In describing the Syrian strikes, which Obama had warned were coming in a nationally televised address Sept. 10, Pentagon officials were careful to divide them into two distinct groups: those that targeted the Islamic State, the militant group that now controls a third of Iraq and an equal portion of Syria; and those aimed at Khorasan, a unit attached to Syria’s Nusra Front rebels and that U.S. officials said included senior al Qaida figures.
The first group of attacks targeted 14 specific locations in Syria, U.S. officials said, and were the work of a coalition of countries that included the United States and five Arab nations: Saudi Arabia, Qatar, Jordan, the United Arab Emirates and Bahrain.
Only American assets were used in the second set of attacks, which targeted eight locations associated with Khorasan, a group that includes Muhslin al Fahdli, a 33-year-old former close associate of al Qaida founder Osama bin Laden who was sent to Syria, U.S. officials said, to plan attacks on the United States and Europe. The U.S. government in October 2012 offered a $7 million reward for information leading to Fahdli’s death or capture.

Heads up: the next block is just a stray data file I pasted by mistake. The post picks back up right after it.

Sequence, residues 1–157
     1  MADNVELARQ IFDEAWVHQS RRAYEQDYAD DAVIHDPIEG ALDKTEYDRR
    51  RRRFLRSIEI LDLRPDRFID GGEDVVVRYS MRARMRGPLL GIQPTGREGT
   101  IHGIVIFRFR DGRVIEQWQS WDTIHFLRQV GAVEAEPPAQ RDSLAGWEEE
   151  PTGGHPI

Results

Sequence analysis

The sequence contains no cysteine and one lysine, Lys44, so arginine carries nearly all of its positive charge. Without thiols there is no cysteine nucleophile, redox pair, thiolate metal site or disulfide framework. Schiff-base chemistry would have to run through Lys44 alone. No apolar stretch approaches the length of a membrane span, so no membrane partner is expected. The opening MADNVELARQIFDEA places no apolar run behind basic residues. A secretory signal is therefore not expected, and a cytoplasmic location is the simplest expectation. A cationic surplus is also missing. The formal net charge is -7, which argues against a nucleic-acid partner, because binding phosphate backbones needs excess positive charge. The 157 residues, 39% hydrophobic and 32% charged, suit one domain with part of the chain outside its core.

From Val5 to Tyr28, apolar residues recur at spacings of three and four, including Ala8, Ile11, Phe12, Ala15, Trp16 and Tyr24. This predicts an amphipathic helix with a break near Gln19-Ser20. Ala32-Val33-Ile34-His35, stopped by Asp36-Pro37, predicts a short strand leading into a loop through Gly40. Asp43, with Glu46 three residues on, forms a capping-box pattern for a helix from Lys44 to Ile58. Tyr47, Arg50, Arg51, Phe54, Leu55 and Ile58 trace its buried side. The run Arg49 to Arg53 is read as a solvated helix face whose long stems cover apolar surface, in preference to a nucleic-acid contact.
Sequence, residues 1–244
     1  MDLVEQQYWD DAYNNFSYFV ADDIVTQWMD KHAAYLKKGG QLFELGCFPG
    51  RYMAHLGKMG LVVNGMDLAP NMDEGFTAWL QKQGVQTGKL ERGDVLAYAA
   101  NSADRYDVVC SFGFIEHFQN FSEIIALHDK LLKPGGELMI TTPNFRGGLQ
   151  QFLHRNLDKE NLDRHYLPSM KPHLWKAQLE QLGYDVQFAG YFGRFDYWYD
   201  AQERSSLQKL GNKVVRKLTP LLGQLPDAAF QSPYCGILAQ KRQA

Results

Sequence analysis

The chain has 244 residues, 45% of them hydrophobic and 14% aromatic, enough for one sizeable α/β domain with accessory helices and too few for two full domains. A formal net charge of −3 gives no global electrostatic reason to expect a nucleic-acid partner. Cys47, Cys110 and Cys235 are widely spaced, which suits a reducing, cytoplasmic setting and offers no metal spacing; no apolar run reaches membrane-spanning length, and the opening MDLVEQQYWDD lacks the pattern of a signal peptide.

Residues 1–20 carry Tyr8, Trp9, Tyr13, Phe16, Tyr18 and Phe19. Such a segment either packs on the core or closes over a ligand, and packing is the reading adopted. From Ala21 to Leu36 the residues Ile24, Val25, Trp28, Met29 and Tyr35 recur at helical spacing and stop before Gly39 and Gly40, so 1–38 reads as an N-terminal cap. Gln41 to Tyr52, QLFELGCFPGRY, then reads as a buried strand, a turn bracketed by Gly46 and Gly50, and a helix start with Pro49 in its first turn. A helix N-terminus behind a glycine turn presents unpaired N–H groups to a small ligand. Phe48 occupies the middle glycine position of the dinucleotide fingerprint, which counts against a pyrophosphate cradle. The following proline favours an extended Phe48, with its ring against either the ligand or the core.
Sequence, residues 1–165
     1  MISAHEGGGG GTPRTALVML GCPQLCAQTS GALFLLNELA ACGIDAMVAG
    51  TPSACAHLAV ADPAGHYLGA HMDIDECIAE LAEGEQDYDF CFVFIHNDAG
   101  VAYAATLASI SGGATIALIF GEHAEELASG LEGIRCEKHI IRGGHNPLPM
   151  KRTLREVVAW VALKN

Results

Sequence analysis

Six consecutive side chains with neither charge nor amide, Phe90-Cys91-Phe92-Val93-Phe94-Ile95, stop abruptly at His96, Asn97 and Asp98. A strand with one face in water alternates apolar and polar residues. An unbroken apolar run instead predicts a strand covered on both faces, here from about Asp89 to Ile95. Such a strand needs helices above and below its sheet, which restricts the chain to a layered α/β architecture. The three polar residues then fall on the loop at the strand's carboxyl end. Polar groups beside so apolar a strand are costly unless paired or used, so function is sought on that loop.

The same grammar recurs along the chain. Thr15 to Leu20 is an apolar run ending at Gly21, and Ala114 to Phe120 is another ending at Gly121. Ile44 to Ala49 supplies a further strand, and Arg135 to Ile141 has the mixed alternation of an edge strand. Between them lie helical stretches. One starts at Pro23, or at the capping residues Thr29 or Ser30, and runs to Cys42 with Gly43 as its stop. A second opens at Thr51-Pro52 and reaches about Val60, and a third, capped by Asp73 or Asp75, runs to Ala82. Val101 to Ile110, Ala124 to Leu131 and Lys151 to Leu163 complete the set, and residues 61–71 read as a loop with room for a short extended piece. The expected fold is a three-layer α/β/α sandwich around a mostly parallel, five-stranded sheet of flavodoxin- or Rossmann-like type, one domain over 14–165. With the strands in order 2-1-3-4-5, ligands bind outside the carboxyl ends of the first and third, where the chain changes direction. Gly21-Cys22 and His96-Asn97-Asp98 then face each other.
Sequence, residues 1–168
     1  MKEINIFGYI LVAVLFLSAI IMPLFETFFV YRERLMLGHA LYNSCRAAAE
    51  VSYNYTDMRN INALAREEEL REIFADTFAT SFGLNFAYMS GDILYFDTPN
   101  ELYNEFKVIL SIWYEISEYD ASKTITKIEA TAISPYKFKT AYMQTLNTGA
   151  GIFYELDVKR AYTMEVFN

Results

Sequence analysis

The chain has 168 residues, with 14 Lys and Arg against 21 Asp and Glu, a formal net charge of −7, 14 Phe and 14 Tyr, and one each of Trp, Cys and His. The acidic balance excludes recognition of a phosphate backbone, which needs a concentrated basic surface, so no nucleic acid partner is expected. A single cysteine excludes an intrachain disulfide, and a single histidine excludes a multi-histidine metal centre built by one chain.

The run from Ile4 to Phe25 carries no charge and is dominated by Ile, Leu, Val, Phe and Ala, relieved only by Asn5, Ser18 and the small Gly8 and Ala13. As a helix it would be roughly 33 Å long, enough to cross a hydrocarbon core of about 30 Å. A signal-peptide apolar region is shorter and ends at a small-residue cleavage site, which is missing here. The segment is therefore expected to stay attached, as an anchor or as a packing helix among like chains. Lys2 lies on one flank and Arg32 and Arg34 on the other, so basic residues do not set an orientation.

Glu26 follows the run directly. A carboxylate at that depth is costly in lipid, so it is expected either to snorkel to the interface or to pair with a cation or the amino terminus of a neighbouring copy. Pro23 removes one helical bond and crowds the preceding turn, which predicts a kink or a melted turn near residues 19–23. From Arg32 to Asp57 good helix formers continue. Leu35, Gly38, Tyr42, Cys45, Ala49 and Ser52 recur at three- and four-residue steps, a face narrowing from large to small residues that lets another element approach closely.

Khorasan was under the protection of Nusra, al Qaida’s official affiliate in Syria, and one expert was quick to point out that there was little difference between the two. He said U.S. officials’ use of the name Khorasan, instead of Nusra, was possibly an effort to avoid negative reaction from other rebel groups in Syria that frequently work with Nusra.
“It’s not a separate group from Nusra,” said Aymenn al Tamimi, who studies jihadist groups for the Middle East Forum, a Philadelphia-based think tank. “The U.S. attempt to distinguish it is just a pretense for striking Nusra because they know Nusra has support on the ground and works with a wide range of rebel groups, some of whom the U.S. might want to consider aiding against (the Islamic State).”